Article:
Shut Up Dude

Shut Up, Dude: This Week’s Best And Worst Comments

This week the music industry’s reckoning with entrenched racism resulted in overdue rebrandings of One Little Indian, Whities, Lady Antebellum, and the Grammy Award for Best Urban Contemporary Album. A good start, though the literally the least we can all do. (Well, in Lady Antebellum’s case not the least … oof.)

Remember, no charges have been filed yet in connection with Breonna Taylor’s death, and the incident report released by the LMPD this week listed her injuries as “none.” You can donate to Justice For Breonna Taylor here.


#10  dansolo
Score:55 | Jun 5th

I appreciate Scott’s remarks at the top. They resonate a lot with where my head has been this week. So forgive me as I go long on this for a few minutes.

I saw this today and it is the most remarkable photo I’ve seen in some time. I wanted to share it with those of you haven’t seen it yet:

A confederate monument in Richmond remade into a memorial to George Floyd and a middle finger to the police state that murdered him. It captures so much of what’s been at stake in the last two weeks. The mourning for a life cut brutally short. The deep cultural myths that have sustained that violence. The urgency of destroying that old order and building something new in its place.

The other image that really resonates with me is the picture from DC, of the road that leads to the White House transformed into Black Lives Matter Plaza:

I don’t know much about DC politics, but I’ve read some critical responses calling this a symbolic gesture from a mayor who has too often sided with the police and against communities of color, that she just wants to appease Trump, etc. I don’t know how much water that holds but I know symbolic measures aren’t good enough. However, it’s as a symbol that I find this instructive – like the previous it reimagines the iconography of American power and nationhood in a way that centralizes blackness where what was previously enshrined was whiteness.

Today was the first day in a long time where I felt hopeful about anything. I read an instructive article by a colleague which argued that the crisis we’re seeing is nothing new, that what’s new is the response. George Floyd’s murderers have been arrested because the people demanded it. Thousands are taking to the streets, making donations, sharing resources, having hard conversations. The public has clearly sided with the protestors demanding justice. Real reforms that would have been unimaginable a decade ago are on the table In cities across the country. And none of this happened because of some generic trend toward progress, that pat liberal myth about the arc of the moral universe, but because of the work of the Black Lives Matter movement and it’s allies.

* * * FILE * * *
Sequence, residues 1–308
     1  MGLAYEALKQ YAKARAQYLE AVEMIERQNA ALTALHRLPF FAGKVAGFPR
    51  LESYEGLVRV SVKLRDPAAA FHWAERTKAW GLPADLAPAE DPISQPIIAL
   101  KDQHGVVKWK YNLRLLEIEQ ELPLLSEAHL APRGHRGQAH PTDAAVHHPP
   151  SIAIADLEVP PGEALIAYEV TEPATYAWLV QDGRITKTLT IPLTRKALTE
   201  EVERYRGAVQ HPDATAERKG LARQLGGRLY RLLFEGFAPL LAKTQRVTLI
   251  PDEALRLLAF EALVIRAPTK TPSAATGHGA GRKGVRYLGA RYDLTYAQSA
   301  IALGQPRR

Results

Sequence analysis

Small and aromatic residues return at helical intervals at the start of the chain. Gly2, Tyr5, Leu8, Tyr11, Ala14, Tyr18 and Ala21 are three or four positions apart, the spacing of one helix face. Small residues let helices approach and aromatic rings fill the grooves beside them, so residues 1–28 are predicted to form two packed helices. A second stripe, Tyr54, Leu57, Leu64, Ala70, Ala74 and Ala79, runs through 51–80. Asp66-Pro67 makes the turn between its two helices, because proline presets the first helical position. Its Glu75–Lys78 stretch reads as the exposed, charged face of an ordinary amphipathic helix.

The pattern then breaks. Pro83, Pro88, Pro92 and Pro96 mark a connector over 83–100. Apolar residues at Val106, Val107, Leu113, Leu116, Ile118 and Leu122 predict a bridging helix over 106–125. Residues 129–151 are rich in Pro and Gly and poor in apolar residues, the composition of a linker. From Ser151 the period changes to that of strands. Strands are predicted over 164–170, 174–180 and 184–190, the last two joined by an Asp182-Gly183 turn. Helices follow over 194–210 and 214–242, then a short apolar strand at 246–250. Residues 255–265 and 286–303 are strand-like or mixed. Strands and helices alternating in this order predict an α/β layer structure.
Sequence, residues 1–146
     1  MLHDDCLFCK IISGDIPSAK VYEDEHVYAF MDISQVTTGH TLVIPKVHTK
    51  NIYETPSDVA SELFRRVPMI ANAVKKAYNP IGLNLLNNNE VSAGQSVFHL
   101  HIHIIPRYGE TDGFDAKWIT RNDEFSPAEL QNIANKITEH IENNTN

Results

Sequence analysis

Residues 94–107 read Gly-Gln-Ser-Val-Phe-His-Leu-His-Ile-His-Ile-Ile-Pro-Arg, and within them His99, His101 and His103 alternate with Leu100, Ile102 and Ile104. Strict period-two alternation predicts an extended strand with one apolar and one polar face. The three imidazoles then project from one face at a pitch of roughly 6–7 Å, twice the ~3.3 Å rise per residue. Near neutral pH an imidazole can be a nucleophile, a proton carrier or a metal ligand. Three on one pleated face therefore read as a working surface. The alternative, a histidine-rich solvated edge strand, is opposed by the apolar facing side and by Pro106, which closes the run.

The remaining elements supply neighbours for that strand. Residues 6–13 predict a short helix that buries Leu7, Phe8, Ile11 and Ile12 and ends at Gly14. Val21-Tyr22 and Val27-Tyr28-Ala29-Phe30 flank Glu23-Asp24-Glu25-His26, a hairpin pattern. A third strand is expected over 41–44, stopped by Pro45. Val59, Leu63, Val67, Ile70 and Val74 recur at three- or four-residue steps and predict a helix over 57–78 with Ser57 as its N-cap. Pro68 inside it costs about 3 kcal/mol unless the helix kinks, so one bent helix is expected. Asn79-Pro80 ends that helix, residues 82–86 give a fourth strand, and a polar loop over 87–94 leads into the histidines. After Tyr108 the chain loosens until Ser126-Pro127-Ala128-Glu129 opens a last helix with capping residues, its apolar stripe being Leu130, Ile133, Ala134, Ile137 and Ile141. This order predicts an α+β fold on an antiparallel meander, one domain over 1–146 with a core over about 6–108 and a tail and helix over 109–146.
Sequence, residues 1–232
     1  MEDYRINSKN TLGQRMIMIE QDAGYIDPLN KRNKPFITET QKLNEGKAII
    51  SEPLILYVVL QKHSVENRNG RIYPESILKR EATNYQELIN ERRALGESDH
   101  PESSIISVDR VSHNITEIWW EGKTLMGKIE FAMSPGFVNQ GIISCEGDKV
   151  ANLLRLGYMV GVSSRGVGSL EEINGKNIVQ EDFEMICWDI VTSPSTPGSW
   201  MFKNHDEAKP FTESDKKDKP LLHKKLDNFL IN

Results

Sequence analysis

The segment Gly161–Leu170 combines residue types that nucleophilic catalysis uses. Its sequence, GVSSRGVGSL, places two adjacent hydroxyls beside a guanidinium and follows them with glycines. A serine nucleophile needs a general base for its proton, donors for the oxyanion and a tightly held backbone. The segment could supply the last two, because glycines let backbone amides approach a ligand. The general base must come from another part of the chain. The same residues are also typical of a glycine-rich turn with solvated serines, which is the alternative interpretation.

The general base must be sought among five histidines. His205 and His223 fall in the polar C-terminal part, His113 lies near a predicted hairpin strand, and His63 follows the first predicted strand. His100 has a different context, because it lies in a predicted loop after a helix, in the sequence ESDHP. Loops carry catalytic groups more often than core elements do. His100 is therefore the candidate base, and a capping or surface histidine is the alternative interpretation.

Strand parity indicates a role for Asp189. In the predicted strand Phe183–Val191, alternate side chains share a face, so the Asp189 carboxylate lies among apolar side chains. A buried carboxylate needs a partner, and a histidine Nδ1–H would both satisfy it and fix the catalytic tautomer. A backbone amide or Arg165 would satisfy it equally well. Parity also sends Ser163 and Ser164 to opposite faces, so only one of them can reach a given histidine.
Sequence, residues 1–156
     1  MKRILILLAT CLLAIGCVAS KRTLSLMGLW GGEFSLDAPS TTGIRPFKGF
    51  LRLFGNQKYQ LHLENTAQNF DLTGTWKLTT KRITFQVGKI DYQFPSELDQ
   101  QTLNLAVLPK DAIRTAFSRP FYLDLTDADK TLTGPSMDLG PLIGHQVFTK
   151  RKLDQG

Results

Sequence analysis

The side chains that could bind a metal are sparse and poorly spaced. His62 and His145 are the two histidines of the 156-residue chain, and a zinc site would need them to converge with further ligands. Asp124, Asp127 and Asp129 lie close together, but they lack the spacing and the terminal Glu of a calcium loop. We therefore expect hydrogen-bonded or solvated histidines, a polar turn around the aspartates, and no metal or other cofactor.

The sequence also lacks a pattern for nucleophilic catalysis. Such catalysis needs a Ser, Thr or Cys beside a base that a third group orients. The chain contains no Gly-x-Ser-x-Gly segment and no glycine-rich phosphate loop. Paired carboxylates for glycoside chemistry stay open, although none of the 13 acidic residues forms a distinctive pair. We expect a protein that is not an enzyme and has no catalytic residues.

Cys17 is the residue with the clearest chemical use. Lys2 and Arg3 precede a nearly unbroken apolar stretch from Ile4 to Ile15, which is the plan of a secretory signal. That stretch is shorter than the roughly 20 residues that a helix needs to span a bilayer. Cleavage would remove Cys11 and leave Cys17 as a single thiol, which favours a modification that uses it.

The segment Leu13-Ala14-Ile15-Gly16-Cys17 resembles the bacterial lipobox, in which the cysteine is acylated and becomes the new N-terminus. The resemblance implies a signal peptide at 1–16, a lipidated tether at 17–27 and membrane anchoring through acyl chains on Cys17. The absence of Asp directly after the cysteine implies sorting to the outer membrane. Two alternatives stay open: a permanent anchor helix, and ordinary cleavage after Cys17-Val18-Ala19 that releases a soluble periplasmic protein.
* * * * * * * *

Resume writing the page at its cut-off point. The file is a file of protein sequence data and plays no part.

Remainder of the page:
I don’t say that to encourage complacency or self-congratulation. Particularly not for those of us who are white and have much more to learn and to give. Of course there is a lifetime of work to be done and a lot of battles that will be lost before it is done (to the extent that it can ever be done). I just want to point out that the possibility of victory is a real one, that some extremely courageous and visionary people have put it in our maps and we can now make the choice to move in that direction.

Based off what I’ve seen this week it seems like pretty much everyone here, staff and commenters, is in this fight. And we need to be. But we can’t fight if we can’t even imagine the possibility of winning. So let’s try to imagine that. So much of the art that’s being made, the organizing that’s being done, the visions of justice and community being set out by activists enable us to do precisely that, if we’ll just listen to them. They aren’t telling us to be despondent or to wallow in guilt. And we owe them better than that.

I’m still angry. I’m still sad. I’m still overwhelmed. But it doesn’t feel impossible. I know there’s a lot that could be said against this perspective – there’s always plenty of evidence for the argument that things never really change – but thinking about what I’ve seen in the last two weeks I see a lot to suggest that things are changing because people are out there fighting like hell to change them. And I just wanted to share this one optimistic thought that I’ve been having because I’m sure many of you could badly use it too.

Posted in: Shut Up, Dude: This Week’s Best And Worst Comments
#8  Thin White Duck
Score:59 | Jun 5th

You either a) sing “nicotine, valium, vicodin, marijuana, ecstasy, and alcohol!” to yourself at random intervals in your day-to-day life or b) have just never heard this album.

Posted in: Rated R Turns 20
#7  dg15
Score:62 | Jun 10th

Posted in: The 50 Best Albums Of 2020 So Far
#6  BixMeister
Score:63 | Jun 5th

I don’t know how Don would feel about this, but “Don’t You Want Me” makes me think about Don, and that’s a good thing. In the 70s Don was part of our group, and my oldest brother’s best friend. He was one of the UofM hockey fans who’d claim our section of general admission seating to cheer on the Gophers. One game, Don and his friend Brice were joking around, talking back and forth in high pitched voices, saying the other’s name. One of the extras that night, someone who knew neither Don nor Brice, said this about Don, “He’s sick.”

My other brother responded, “Excuse me, do you know Don? How do you know he’s sick?”